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Tavern on the Green - Its all over

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In 2 days TOTG will serve its last meal. Just three years ago, it was plating more than 700,000 meals annually, bringing in more than $38 million.

Love it or hate it, it was part of NYC for 75 years. Hopefully the new place will have better food and more understated decor.

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  1. TOTG is (was?) a tourist trap. I ate there once in the late eighties and to this day can remember how bad the food was. But get someone on their first trip to NYC and TOTG is high on their list of places to go. But yes, the end of an era.

    1 Reply
    1. re: MandalayVA

      place creeps me out to be completely honest.

    2. I thought they had already closed. Hopefully whatever comes in next will be better.

      1. The food, indeed, wasn't very good in the late '80s. It did get a bit better, but not much.

        They seemed to do best when giving a catered affair. And I've attended some memorable affairs there.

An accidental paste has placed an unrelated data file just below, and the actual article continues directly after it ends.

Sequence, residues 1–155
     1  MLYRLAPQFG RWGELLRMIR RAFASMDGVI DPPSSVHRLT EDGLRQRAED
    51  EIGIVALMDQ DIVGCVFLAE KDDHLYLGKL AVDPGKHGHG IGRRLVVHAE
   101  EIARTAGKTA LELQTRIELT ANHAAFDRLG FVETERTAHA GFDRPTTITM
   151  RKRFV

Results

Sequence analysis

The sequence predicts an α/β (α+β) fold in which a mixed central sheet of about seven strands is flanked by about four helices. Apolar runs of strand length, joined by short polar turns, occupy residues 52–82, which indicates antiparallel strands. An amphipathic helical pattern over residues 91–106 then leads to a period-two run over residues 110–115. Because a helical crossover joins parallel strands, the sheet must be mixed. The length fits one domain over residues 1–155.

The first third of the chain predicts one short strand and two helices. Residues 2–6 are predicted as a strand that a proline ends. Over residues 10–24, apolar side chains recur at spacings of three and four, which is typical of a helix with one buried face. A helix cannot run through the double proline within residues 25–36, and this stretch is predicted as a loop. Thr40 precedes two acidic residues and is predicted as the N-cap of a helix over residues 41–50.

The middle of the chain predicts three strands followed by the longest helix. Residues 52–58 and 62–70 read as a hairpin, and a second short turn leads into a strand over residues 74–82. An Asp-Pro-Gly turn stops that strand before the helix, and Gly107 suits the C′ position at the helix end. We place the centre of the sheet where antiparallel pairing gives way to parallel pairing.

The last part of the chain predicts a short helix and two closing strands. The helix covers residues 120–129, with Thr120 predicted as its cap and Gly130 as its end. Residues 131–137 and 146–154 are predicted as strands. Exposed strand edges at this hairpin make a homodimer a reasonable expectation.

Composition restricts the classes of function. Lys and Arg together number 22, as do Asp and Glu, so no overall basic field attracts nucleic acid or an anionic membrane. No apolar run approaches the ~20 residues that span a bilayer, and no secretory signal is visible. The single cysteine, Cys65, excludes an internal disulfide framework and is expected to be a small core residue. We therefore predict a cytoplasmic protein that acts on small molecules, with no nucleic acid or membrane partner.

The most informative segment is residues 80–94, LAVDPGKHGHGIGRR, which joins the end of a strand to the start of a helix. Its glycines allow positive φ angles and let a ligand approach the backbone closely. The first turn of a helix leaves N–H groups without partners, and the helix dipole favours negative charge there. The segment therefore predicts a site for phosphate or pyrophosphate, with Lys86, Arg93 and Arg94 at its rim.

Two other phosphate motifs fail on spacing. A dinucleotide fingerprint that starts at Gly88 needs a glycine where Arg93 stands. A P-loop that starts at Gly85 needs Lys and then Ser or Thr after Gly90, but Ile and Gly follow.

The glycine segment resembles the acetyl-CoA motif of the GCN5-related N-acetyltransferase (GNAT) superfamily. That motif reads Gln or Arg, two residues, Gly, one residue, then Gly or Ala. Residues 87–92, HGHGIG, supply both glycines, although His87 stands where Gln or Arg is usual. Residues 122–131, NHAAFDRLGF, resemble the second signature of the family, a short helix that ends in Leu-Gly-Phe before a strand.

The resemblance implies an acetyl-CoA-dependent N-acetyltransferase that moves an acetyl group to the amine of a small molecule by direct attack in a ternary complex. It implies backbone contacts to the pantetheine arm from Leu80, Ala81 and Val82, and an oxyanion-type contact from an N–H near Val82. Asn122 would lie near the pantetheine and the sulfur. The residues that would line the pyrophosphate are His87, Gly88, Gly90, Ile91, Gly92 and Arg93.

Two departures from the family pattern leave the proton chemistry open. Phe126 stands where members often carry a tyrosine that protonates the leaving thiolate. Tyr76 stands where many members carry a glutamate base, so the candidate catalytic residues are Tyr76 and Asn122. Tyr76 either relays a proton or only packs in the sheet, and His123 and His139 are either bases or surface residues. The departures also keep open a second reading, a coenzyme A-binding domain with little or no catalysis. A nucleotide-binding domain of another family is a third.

I've read all about the guy who runs the boat house and his plans for the place. For me, however, it just won't have the charm of the old place. I think that those who will be able to buy the decorations and fixtures at auction have a unique opportunity on their hands.

        I shudder to think what the new operator's going to do to the place. We can only hope it will be done tastefully.

        1 Reply
        1. re: shaogo

          I went to a wedding there once and found the food to be pretty mediocre (hors d'oeuvres weren't bad, but entrees were downright terrible.) Either way not a big loss for NYC culinary scene.

        2. Nicely stated, pofp.

          1. I ate there for the first time this year (father-in-law booked a reservation without asking first). The food was laughably bad, the service was even worse, but I was still glad to have gone. It was like stepping into a time machine... nothing had chance in decades. It was like going to Disney World. I'd never complain about the food at Disney, you're just along for the ride.

            1. The Leroy family is not known for understatement or subtlety. The father of the owner (Mervyn Leroy) tarted up the Russian Tea Room in the 60s and put together Maxwell's Plum, a monument to decorational excess.
              Interesting family, however. The matriarch of the clan was Doris Warner Vidor ( Sam Warner's daughter) and was a serial bride, to Warner Leroy, Billy Rose and King Vidor.
              A very interesting family, if not the most responsive and understated restaurateurs.

              1. Ate there once years ago. All I remember are the high prices and the snotty waiter, Good riddance.